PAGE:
Obama Administration Official Discusses Biden Transportation Policy With AASHTO
John Porcari, former U.S. deputy secretary of transportation with the Obama administration, spoke to the American Association of State Highway and Transportation Officials (AASHTO) November 12, offering a glimpse into President-elect Joe Biden’s transportation priorities. Porcari, a leading voice in the development of the Biden administration’s transportation policy, spoke on potential emphases of Biden’s transportation team and ways state departments of transportation may work alongside the new administration.
Porcari opened by saying that, oftentimes, a federalist, Washington, D.C.-centric view of transportation policy and funding is from the top down.
“You all know the reality is the opposite,” Porcari told attendees of the AASHTO virtual annual meeting. “It’s bottom-up, not top-down. The choices in the transportation system can and should and are made at the local level. Those priorities, those choices are different between Maine and Montana, between Washington and Wyoming, as you would expect.
“That perspective is important, because I think it underpins what you’re likely to see in a transportation philosophy and transportation program,” he added.
Porcari spoke of the “seams” between the various modes of transportation—roads, railways, air and waterways. Oftentimes, goods transported about the country must move between those modes of transportation.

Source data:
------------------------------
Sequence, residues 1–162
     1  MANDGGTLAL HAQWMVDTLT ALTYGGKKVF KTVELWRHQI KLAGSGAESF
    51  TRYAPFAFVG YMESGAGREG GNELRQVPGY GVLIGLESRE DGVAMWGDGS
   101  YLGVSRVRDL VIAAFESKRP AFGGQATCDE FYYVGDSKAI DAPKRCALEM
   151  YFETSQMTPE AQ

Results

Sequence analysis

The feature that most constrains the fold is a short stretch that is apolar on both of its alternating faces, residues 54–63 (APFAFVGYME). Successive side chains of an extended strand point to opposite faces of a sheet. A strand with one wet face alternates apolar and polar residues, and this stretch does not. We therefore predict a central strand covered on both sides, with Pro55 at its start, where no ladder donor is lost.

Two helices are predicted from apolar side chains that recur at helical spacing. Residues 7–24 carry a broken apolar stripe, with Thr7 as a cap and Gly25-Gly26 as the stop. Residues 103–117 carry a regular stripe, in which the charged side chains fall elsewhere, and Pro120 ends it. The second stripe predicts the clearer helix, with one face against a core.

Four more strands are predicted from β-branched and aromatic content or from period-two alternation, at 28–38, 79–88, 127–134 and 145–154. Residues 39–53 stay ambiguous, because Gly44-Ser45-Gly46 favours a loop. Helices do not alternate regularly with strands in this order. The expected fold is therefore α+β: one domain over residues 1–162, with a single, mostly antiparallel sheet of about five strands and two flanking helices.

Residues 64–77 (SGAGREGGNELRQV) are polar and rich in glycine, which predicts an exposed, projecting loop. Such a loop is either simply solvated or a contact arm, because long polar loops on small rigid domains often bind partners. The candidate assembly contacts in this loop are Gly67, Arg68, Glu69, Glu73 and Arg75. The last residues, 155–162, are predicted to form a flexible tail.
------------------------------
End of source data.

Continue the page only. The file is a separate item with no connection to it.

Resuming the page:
“We haven’t been terribly good at those seams within the system, and that’s one place where there’s broad agreement on the policy side that relatively modest investments can pay off big for the economy,” Porcari said.
He pointed to transportation grant programs like INFRA (Infrastructure For Rebuilding America), TIGER (Transportation Investment Generating Economic Recovery) and BUILD (Better Utilizing Investments to Leverage Development) as models for the future. All have dedicated significant resources to port projects around the country.
Porcari then described the path forward as a two-step process.
“First is to get the transportation system and the economy in general back on its feet,” he said. “Some of the public health imperatives like mask-wearing throughout the transportation system, rebuilding public confidence through health measures throughout the transportation system, in particular transit and aviation, are going to be a key early effort and one that you will see some movement on very quickly.”
The second step, Porcari said, will be some form of stimulus, “not just to rebuild the economy but to start a different direction.”
Porcari pointed to the American Recovery and Reinvestment Act of 2009 as a potential model for what’s to come with the Biden administration. Interestingly, Porcari drew a distinction between shovel-ready projects and shovel-worthy projects. He encouraged state departments of transportation to begin assessing their projects and processes now in order to act as the Biden administration’s transportation program is enacted.